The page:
A mish-mosh of people attended that first meeting, Stofft said. “Some of them are good friends, and some of them are just people that like books that we might not know all that well. And we had this very loud first meeting, where some people were like, ‘I hated this book because the author doesn’t respect punctuation!’ That’s the funniest gripe I remember.
“Or people were like, ‘This character wasn’t believable.’ But I had been completely swept away by this book because it’s set in Newfoundland, and it’s cold and icy and there’s family tragedy and cover-ups and sad, loveless adult lives.”
Paulin said that during the monthly meetings, discussions about politics or religion can sometimes get heated, but discussions can also be mind-broadening, “Sometimes someone will make an observation about a book, and somebody across the room will say, ‘You know, I never thought about that’ or ‘I didn’t read it that way,’ and so I think we open up new horizons for each other.”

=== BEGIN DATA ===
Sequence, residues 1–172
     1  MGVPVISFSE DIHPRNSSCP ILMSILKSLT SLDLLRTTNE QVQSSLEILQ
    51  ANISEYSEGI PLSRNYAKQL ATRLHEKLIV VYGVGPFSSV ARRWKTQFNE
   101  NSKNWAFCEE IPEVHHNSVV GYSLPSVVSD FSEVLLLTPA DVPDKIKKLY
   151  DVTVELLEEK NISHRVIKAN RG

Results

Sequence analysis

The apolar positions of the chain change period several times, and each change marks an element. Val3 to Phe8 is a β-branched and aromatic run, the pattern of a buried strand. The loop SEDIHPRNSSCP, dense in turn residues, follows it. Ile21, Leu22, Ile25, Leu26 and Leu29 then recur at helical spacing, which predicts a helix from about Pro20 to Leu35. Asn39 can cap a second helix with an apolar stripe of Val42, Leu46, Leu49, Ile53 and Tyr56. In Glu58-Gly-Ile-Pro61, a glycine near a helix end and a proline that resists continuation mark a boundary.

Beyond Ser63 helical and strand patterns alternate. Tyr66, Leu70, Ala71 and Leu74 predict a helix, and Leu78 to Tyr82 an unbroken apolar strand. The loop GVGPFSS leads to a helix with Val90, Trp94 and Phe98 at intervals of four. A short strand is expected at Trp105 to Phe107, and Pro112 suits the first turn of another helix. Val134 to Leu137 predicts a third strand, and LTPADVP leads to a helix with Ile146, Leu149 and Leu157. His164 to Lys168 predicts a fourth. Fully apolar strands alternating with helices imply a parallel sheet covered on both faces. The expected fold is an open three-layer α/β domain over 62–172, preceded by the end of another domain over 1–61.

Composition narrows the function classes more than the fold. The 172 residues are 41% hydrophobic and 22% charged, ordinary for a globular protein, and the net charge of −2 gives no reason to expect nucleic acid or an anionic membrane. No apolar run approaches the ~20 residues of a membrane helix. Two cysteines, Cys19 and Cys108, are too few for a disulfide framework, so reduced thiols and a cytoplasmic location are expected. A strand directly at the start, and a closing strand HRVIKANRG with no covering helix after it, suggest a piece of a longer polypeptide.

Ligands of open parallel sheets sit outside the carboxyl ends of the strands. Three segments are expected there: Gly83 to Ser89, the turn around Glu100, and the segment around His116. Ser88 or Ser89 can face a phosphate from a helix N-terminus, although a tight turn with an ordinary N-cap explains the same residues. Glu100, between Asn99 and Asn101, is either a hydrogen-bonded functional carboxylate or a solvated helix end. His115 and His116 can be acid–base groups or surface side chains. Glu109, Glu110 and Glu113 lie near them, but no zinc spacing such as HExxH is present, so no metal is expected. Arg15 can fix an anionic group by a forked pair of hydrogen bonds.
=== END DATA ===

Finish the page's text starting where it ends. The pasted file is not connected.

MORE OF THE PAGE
The books range back and forth from serious social topics to good ol’ easy reading. Stofft said about 80 percent of the selections are fiction, whereas the remainder are nonfiction such as biographies and memoirs.
Titles range from “Guns, Germs & Steel,” by Jared Diamond and “To Kill a Mockingbird” by Harper Lee, to “Raven Woman” by Yuma author Pinkie Paranya.
The group typically meets at different members’ houses or at a public place such as a restaurant or the library. “Whoever picks the book decides where it’s going to be,” Paulin said.
While almost everyone likes something about almost every book, there have been some that were unpopular, she said. Nonetheless, the book’s host is encouraged to get up in front of the group and take the criticism “like a man,” she joked.
Speaking of man, not one has joined the club yet, although some have been invited, the co-founders said. Children, however, are not allowed. “We did make one rule early on: you can’t bring kids to the book club just because it changes the dynamics of the group,” said Stofft, who was a new mother when the club was founded.